Written for teleSUR English, which will launch on July 24
100 years ago, on July 28, 1914, World War I began. By 1918, this infamous inter-imperialist conflict left behind a trail of blood: millions dead, wounded, and displaced. In 1915, the great European revolutionary Rosa Luxemburg identified two potential paths for humanity at the crossroads: socialism or barbarism. While the particularities of our historical situation differ dramatically (as the world has changed dramatically in the course of a century), humanity and our planet face a similar crossroads: endless cycles of imperialist and inter-imperialist wars, deepening economic crisis, and impending ecological collapse – nothing short of a new Dark Age – or, in the words of Luxemburg, “regeneration through the social revolution.” We are long overdue for a change of course: let’s recommence the global revolution.
If we are to pursue the inevitably difficult and dangerous path of revolution, we must articulate what we mean by “socialism.” The social revolutions of the 20th century had several critical limitations that must be identified before a new orientation is constructed:
Internal Counter-Revolution: Initial gains were subverted, and a new ruling social group circumvented the rule of the oppressed and subsequently reinstated a regime of oppression and exploitation. This was often characterized by suppression of various forms of popular power (i.e. participatory councils – the deliberative assemblies through which the people engaged in self-managed decision-making).
Inadequate Vision: An emancipatory society was not established because the envisioned social institutions to be constructed were inadequate to overcome the deeply rooted forms of social stratification and subsequently failed to empower the oppressed social groups, or the measures taken to construct new institutions were of a limited character and subsequently reversed.
Reductionism: The goals of the revolutionary project were limited to the problems originating from a particular sphere of social life (i.e. economy), and therefore the struggles and potential revolutionary agency of other social groups were overlooked.
While aspects of the great revolutions of the 20th century (in Russia, China, Cuba, Vietnam, Angola, Mozambique, etc.) are absolutely deserving of our critical admiration and attention (as revolutionaries can learn many lessons about overthrowing and abolishing oppressive modes of social reproduction, as well as attempts to construct a new social formation), their particular experiences are not synonomous with, nor adequate for, a 21st century vision of socialism. Therefore, our first task is to redefine socialism – or, to avoid confusion, participatory socialism. I define participatory socialist revolution as a historical process ofself-emancipation, in which the multitude of oppressed social groups (the working class, people of color, neocolonial nations, women, LGBTQ people, people living with disabilities, and youth) develop consciousness of their collective social power and, through popular self-organization and self-activity, overthrow and abolish oppressive social institutions (capitalist economy, heteropatriarchal kinship, neocolonial community, and oligarchic polity, which find a global expression in the form of imperialism, the primary cause of our ecological imbalance) and construct new emancipatory institutions built upon a foundation of solidarity, justice, diversity, equity, self-management, and ecological balance.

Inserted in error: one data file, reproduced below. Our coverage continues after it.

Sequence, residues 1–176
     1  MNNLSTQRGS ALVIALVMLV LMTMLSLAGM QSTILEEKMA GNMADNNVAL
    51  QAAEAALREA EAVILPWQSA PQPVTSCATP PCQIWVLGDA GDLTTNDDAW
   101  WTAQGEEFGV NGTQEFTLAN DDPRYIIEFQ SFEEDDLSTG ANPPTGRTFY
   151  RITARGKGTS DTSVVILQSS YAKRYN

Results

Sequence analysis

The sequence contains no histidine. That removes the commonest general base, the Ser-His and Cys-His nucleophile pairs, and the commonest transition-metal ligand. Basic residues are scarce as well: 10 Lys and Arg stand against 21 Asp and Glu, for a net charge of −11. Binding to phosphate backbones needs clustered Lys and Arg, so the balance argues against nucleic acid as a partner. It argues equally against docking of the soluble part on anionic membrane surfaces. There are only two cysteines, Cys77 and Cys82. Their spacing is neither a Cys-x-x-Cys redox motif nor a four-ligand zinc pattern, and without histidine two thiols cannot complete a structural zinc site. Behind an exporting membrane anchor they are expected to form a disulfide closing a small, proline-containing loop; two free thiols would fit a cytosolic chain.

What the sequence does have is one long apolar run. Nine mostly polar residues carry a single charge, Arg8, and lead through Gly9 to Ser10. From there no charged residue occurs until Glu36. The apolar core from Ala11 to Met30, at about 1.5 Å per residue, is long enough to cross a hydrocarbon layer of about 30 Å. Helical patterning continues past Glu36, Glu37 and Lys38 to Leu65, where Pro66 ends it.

Through the construction of participatory socialism, the people become conscious participants in the making of their own history by determining the character and direction of social institutions. With this concept of self-emancipation in mind, our vision of participatory socialism can be constructed on the basis of a critical historical assessment of the successes and failures of previous revolutionary struggles. Far from being “utopian” or “idealistic,” our methods, analyses, visions, strategies, and programs must be derived from the concrete possibilities of our epoch, and remain subject to transformation as new lessons are extracted from the critique of previous and contemporary experiences.
With this general conception in mind, what particular qualities could a 21st century participatory socialism have?
Economy: We should struggle for the creation of a classless society, basing itself upon an economy in which the means of production are socialized, jobs balanced for a relative level of empowerment among all members of society, labor is remunerated according to effort and sacrifice, and allocation is organized through a social, iterative planning process in which workers and consumers, organized into participatory councils, cooperatively negotiate economic outcomes through a process of developing, proposing, revising, and implementing a coherent economic plan.